Encyclopedia of Behavioral Medicine

2013 Edition
| Editors: Marc D. Gellman, J. Rick Turner

Physical Examination

  • Margaret Hammersla
Reference work entry
DOI: https://doi.org/10.1007/978-1-4419-1005-9_133



Physical examination, assessment, is the systematic process of collecting data about a patient or client using the techniques of inspection, palpation, percussion, and auscultation to guide a clinician in the process of diagnosis of pathological states as well as developing a plan of care (Fennessey & Wittmann-Price, 2011). Physical assessment is an ongoing process that enables the clinician to continuously evaluate a patient’s signs and symptoms, to monitor effectiveness of treatment, and to make adjustments in the plan of care as required (Zambas, 2010). This physical assessment is conducted in a systematic manner that is comfortable to both the patient and clinician; typically this is done using a head-to-toe approach.

Physical assessment is done for one of two reasons. The first reason is to conduct a complete physical exam of the entire body in order to screen the patient for potential health problems that have not yet...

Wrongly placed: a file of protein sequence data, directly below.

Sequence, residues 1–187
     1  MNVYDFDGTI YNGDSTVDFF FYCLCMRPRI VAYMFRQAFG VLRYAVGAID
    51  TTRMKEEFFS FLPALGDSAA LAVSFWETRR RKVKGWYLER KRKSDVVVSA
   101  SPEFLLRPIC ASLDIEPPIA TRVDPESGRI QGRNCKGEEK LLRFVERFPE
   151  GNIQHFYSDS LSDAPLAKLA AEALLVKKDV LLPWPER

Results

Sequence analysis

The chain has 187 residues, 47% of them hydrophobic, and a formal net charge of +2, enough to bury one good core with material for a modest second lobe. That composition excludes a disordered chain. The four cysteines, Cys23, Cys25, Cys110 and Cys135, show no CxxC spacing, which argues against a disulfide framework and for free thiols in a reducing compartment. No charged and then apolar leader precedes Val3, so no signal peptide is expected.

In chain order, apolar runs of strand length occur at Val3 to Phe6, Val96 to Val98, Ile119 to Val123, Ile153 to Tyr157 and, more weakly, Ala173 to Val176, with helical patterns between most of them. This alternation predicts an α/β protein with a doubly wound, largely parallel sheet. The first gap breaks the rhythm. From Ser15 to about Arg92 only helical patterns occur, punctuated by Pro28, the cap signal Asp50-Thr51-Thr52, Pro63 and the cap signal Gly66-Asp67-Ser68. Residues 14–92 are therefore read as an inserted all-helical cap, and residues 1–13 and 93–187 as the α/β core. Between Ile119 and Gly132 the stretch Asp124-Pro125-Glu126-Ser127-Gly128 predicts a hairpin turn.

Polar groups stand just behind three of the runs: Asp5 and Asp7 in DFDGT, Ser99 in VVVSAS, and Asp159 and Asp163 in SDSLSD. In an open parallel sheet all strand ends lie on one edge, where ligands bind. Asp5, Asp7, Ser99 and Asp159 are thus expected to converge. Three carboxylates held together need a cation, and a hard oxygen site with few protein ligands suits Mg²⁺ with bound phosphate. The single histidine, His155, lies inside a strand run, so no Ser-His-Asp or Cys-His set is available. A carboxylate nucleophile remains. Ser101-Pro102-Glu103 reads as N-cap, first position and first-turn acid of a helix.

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References and Readings

  1. Bickley, L. S., & Szilagy, P. G. (2008). Bates’ guide to physical examination and history taking (10th ed.). Philadelphia: Lippincott Williams and Wilkins.Google Scholar
  2. Fennessey, A., & Wittmann-Price, R. A. (2011). Physical assessment: A continuing need for clarification. Nursing Forum, 46(1), 45–50.PubMedCrossRefGoogle Scholar
  3. Stern, S. D. C., Cifu, A. S., & Altkorn, D. (2009). Symptom to diagnosis: An evidence based guide (2nd ed.). New York: McGraw-Hill Medical.Google Scholar
  4. Zambas, S. I. (2010). Purpose of the systematic physical assessment in everyday practice: Critique of a “sacred cow”. Journal of Nursing Education, 49(6), 305–310.PubMedCrossRefGoogle Scholar

Copyright information

© Springer Science+Business Media, New York 2013

Authors and Affiliations

  1. 1.University of Maryland School of NursingBaltimoreUSA